WASHINGTON – Governors worried about damage to the economy and complained about years of neglect on energy policy after an Alaska oil field shutdown, but offered far different solutions on Monday.
Energy independence and alternative fuels had already been part of the weekend's summer meeting of the National Governors Association. News of the oil field shutdown and the spike in oil prices, spurred by corrosion of a key oil pipeline, put a sharper edge to the topic.
Democratic Gov. Kathleen Blanco of Louisiana, whose state is at the center of the nation's fuel production and distribution, criticized the federal government's monitoring of critical infrastructure.
"From our perspective in Louisiana, our wetlands are disappearing and it's exposing our network of pipelines," she said. "That's potentially putting our whole infrastructure at greater risk." She said local development and pollution also spurs erosion, but said more federal involvement is needed.
Republican Gov. Haley Barbour of Mississippi said the problem was environmentalists and others who fight increased drilling and pipeline construction.
"We need supply to grow. That means more drilling like (proposals to open the Arctic National Wildlife Refuge), more nuclear energy, more coal to liquid," he said. "We see how the shortsightedness of not-in-my-backyard resistance can cause enormous reduction in supply, which is going to result in higher prices."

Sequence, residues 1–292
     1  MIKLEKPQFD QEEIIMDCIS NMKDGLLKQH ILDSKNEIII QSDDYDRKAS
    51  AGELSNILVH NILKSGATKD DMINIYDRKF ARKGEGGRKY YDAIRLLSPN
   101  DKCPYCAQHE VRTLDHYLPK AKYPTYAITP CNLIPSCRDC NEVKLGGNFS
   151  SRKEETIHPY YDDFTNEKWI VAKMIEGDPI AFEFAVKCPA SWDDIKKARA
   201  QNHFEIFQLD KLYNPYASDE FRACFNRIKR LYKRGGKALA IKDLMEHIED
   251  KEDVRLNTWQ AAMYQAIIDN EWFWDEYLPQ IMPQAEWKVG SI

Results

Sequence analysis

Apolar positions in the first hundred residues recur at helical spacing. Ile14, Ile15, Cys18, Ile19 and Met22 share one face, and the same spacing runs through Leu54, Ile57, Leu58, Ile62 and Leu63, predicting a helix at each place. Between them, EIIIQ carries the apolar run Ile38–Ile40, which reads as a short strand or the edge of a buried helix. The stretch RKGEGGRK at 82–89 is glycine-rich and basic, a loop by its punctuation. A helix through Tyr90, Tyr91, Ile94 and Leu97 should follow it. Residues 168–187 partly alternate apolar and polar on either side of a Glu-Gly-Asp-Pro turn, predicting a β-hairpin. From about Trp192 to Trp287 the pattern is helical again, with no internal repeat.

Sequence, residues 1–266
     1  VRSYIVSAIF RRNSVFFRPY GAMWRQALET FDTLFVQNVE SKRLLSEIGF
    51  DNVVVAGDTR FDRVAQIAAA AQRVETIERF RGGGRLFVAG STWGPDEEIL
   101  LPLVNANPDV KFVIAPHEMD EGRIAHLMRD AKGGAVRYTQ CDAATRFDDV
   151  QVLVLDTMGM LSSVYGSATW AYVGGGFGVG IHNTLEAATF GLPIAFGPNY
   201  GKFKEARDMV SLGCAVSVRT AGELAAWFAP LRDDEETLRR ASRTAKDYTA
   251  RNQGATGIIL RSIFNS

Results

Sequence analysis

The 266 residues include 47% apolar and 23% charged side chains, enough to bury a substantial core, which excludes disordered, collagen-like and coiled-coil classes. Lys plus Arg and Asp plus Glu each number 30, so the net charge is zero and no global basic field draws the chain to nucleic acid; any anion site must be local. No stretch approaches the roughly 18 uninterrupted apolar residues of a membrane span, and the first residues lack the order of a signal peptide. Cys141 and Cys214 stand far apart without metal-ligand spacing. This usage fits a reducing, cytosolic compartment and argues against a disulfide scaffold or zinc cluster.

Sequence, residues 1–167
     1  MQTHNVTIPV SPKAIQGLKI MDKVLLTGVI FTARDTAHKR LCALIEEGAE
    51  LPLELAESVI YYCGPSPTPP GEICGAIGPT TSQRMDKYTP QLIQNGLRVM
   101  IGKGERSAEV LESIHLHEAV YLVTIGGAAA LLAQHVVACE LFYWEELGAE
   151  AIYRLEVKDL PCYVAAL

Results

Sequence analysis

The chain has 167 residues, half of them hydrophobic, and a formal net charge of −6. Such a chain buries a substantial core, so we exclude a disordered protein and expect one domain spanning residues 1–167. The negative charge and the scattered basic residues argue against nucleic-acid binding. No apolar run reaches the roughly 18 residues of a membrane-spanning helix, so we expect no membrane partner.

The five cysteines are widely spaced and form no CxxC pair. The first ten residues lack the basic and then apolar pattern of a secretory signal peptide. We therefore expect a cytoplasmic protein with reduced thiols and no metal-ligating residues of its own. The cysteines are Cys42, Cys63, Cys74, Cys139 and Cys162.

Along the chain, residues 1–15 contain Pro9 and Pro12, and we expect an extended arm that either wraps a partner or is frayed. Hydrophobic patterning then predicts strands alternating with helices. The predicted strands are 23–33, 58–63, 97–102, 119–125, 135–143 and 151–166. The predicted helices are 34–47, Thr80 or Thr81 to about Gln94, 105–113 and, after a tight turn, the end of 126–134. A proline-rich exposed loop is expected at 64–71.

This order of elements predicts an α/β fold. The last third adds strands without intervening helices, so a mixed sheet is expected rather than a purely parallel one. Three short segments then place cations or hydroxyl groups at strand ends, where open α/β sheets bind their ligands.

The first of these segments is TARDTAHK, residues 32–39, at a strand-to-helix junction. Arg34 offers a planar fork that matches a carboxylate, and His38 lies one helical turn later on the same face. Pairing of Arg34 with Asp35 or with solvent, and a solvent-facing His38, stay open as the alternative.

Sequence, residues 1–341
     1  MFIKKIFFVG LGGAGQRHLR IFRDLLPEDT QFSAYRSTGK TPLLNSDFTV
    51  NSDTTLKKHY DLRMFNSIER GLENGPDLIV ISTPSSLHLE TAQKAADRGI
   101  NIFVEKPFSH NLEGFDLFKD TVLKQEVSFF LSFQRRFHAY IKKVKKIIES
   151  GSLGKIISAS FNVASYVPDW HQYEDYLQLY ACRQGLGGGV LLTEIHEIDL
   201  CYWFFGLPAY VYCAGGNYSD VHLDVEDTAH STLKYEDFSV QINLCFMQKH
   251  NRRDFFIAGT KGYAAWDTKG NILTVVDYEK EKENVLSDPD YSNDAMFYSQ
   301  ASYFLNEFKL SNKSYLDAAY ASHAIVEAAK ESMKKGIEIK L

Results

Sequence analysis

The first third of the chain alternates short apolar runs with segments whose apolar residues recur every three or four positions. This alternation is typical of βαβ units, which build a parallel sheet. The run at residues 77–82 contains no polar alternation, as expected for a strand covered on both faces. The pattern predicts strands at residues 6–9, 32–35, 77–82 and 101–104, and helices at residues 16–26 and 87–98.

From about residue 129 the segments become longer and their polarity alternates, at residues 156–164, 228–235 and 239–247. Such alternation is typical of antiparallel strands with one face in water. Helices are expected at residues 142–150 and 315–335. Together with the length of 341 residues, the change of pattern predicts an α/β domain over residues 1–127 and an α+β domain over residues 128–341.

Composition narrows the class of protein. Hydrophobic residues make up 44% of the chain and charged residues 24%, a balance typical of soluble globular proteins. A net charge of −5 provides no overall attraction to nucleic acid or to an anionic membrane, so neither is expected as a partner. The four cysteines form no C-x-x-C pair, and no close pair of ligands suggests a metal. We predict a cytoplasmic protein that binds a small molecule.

Governors from both parties said the disruption would hopefully spur a willingness to tackle a more ambitious approach to energy.
"Our energy policy for the last 30 years is a joke. We've been asleep at the switch, both Republicans and Democrats," said Republican Gov. Tim Pawlenty of Minnesota, who has been pushing alternatives such as ethanol and wind energy at home.
Montana Gov. Brian Schweitzer, a Democrat, said the disruption only strengthens his argument for a federal energy policy that would encourage greater investment in coal to produce synthetic fuels. He had earlier laid out a plan where Montana coal could replace more than half the foreign oil imported each year.
"We've got the solution but we've got to move. We've got to have a balanced portfolio of fuels," he said.
Democratic Gov. Janet Napolitano of Arizona said she was waiting to hear more to understand the wider impact. "It's just further confirmation of the fact that we need a national energy policy. It's further confirmation that our continued dependence on foreign oil is a problem."
Republican Gov. Mark Sanford of South Carolina said that if the disruption lasted so would higher prices, given the rapid escalation in prices over the last year and the latest Mideast instability.
"It's sort of wrong time, wrong place," he said.